Two days after driving Sunshine back to our home, I shattered her trust in me. I was the one to lift her from her pen --- she growled, just a little huff but a definite one --- to stuff into the pet carrier again. It was in a good cause.
Because we have had Sunshine for just over a year now! The anniversary of our meeting, and adopting, her was the Sunday of Motor City Fur[ry] Con, and we were a bit sad we couldn't observe it with her. But we've taken that date to serve as her unknowable birthday. It hasn't quite been a year since the first time we took her to the vet's --- we basically waited a few weeks to confirm that we were adopting poor snakebitten Penelope --- but this would be good enough. We'd originally planned to take her earlier in the month and had to bump it back because we were just too busy; after the convention seemed more reasonable a time.
The waiting room now has signs warning to not let your pets off their leash or out of their carrier and, honestly, it probably always should have. We'd have liked to let Sunshine hop around, but, like, an enthusiastic dog and a fearless rabbit could lead to some really unhappy days. As could someone opening the lone door to the outside. Stephen and Columbo were too slow to get away from us, at least eventually. Sunshine is not, if she tried.
We let her out, as allowed, in the examining room. And Sunshine was, this time, eager and confident to explore. In her previous visits --- her first checkup, and the time she wrenched her ankle --- she had been shy. But now she was happy to get around the room and find some nice corners. She was more of her outgoing, charming self, too, so the vet tech who did the initial weigh-in and all that, and the vet who actually examined her, got to see more of her natural personality.
And she looks to be in good shape, too. We dithered about whether to have blood work done, but it turned out we had gotten the full spectrum done last year. She doesn't seem old enough to need bloodwork done more than every other year. But her weight's exactly what it was last time she was checked out. She hasn't got any apparent problems, and her ankle is fine. With luck we won't need to bring her back to the vet's until next year. (Well, I suppose if we decide to take her somewhere she's likely to be outside a good while, such as to the Traverse Bay area, we might get her a shot of Revolution and ward off fly-strike. But we aren't likely to do that this summer anyway.)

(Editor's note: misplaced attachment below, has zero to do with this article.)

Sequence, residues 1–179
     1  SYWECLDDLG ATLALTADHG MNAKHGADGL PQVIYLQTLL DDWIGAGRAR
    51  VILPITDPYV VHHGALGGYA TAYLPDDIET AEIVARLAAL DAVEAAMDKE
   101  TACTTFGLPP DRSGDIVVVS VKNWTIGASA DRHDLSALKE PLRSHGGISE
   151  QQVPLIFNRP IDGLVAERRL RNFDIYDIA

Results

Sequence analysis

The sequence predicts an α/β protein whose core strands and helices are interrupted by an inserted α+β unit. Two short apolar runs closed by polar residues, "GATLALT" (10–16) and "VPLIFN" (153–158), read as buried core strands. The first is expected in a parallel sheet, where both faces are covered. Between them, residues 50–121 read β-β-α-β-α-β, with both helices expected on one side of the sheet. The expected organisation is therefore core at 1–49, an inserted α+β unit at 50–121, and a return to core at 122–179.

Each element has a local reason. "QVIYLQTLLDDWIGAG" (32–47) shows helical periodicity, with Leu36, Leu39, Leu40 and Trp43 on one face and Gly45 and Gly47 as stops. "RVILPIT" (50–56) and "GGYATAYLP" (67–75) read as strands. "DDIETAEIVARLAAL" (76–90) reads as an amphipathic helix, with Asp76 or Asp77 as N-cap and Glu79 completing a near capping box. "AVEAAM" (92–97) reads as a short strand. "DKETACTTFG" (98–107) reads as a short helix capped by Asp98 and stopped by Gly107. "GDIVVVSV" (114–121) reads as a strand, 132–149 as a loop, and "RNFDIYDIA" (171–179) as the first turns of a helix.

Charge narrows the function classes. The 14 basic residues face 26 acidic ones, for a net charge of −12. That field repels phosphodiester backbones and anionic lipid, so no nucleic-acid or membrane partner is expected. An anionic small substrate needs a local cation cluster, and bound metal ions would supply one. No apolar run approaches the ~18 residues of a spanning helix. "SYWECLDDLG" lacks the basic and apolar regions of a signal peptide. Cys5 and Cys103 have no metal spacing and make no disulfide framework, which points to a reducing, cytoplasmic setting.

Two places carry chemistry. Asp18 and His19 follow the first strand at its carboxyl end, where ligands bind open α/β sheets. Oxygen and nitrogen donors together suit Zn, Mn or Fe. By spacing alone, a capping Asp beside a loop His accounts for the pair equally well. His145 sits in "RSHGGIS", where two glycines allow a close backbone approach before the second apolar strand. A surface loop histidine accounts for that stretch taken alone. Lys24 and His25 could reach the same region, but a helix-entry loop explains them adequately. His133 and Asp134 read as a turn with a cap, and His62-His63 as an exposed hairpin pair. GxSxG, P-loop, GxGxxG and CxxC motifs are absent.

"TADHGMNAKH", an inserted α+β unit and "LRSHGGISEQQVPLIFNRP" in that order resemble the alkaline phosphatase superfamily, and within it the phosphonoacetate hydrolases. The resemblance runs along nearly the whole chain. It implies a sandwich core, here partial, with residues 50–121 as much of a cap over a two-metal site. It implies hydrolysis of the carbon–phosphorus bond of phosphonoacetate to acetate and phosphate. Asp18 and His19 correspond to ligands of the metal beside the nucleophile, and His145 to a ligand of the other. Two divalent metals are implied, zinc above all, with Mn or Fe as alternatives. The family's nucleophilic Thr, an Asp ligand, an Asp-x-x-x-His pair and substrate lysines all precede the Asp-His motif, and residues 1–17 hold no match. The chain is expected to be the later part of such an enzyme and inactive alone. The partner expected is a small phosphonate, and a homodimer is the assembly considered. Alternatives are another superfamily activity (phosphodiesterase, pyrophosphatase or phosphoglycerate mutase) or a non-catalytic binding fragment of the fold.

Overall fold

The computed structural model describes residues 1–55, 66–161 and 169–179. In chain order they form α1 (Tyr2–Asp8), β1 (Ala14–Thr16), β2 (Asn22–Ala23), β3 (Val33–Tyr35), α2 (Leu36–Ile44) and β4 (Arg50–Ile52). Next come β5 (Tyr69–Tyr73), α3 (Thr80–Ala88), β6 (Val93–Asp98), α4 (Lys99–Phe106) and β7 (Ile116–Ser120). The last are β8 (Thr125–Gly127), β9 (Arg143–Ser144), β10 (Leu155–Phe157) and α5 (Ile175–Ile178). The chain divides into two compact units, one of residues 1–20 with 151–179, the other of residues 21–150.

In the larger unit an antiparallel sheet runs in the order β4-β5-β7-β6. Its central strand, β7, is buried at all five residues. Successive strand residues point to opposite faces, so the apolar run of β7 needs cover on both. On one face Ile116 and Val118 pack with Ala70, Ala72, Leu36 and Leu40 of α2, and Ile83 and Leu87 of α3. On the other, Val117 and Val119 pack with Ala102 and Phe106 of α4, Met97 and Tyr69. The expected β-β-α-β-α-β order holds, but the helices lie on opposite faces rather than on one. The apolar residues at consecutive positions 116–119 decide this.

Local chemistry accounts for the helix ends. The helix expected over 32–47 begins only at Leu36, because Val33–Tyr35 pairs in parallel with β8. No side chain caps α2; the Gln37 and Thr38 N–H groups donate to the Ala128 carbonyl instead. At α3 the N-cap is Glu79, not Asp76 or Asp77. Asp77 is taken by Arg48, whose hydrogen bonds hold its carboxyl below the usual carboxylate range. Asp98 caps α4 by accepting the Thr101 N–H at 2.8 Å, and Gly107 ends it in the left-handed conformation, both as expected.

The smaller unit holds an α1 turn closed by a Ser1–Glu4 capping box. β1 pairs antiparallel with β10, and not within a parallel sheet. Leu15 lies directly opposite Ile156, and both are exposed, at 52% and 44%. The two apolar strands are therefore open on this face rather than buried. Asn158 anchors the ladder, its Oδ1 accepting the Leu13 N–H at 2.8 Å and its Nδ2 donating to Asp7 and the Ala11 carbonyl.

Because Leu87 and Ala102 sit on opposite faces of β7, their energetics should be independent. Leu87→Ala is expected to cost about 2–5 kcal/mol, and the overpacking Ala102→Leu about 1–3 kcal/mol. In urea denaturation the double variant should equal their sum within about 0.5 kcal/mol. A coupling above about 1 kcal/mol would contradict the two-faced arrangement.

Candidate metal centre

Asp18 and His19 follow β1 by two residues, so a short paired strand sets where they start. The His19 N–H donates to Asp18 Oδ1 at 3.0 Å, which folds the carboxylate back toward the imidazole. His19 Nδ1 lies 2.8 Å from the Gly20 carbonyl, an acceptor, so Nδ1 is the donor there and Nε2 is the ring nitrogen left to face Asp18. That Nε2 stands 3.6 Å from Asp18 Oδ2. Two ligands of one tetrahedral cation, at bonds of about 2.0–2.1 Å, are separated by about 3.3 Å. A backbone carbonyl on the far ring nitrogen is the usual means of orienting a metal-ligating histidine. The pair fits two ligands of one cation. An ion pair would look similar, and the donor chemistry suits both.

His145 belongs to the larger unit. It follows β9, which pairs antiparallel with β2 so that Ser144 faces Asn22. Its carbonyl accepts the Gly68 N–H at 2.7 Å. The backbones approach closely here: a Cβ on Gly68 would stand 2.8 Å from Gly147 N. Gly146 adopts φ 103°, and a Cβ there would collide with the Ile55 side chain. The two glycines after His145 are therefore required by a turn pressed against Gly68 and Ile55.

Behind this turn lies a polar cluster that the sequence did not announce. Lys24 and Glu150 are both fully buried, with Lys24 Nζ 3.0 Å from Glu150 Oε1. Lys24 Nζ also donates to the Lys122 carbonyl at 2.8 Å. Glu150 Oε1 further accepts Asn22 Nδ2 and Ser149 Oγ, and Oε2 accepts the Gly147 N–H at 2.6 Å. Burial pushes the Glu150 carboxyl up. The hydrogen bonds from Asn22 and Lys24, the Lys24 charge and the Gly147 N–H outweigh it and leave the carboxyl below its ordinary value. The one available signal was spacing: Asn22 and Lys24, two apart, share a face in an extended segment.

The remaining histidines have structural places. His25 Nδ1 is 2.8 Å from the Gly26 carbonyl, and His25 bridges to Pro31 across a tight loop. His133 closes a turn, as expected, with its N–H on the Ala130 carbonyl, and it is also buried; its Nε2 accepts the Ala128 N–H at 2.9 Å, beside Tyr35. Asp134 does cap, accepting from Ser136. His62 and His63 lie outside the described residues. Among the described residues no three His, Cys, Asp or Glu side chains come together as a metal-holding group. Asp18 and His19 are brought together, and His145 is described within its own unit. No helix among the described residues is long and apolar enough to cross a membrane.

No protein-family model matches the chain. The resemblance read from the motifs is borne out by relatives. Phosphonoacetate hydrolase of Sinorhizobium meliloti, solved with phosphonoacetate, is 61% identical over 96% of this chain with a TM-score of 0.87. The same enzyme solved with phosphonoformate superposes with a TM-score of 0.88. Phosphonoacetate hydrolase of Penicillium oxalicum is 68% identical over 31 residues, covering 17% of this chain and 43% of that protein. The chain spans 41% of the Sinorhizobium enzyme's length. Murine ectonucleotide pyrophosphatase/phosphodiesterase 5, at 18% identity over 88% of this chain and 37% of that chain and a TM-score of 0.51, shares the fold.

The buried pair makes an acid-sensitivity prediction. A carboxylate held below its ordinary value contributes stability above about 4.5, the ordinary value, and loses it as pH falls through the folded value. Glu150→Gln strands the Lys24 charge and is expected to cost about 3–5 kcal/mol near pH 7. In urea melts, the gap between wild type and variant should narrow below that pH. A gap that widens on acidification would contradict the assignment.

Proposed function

She does have an outstanding issue, and that's the cataracts in her eyes. Our appointment for that is later this week. When, you know, Sunshine will just barely have started to trust that I enter her pen area for some reason other than to hoist her into the pet carrier.
Trivia: Historian Michael Sherry calculated that overall about 27% of American air crews in the German theater of World War II completed the 25 raids which would earn a Distinguished Flying Cross and return to the States. Source: The World Within War: America's Combat Experience in World War II, Gerald F Linderman.
Currently Reading: The Secrets of Alchemy, Lawrence M Principe. So you know the author is working on my wavelength when he writes about how for centuries people used ``alchemy'' and ``chemistry'' to mean roughly the same thing with roughly the same connotations, and that to use either word when writing about someone working in that time imposes an anachronistic meaning. And then asks the reader, would you have bought this book if it were titled The Secrets of Chemistry? ... Which, well, yeah, I might have, actually. Even though this one I picked up from the library. But I would have expected a different book.
PS: Back to the holidays of 2017.
Back to bunny_hugger's parents, and an extreme-perspective view of their Christmas tree.
bunny_hugger as Stitch, delighted by the Christmas morning and showing off an ornament from childhood, which shows off her as a child.
Their dog, not at all happy that all these people are here, but especially not at all happy that I'm around and doing things and existing and everything.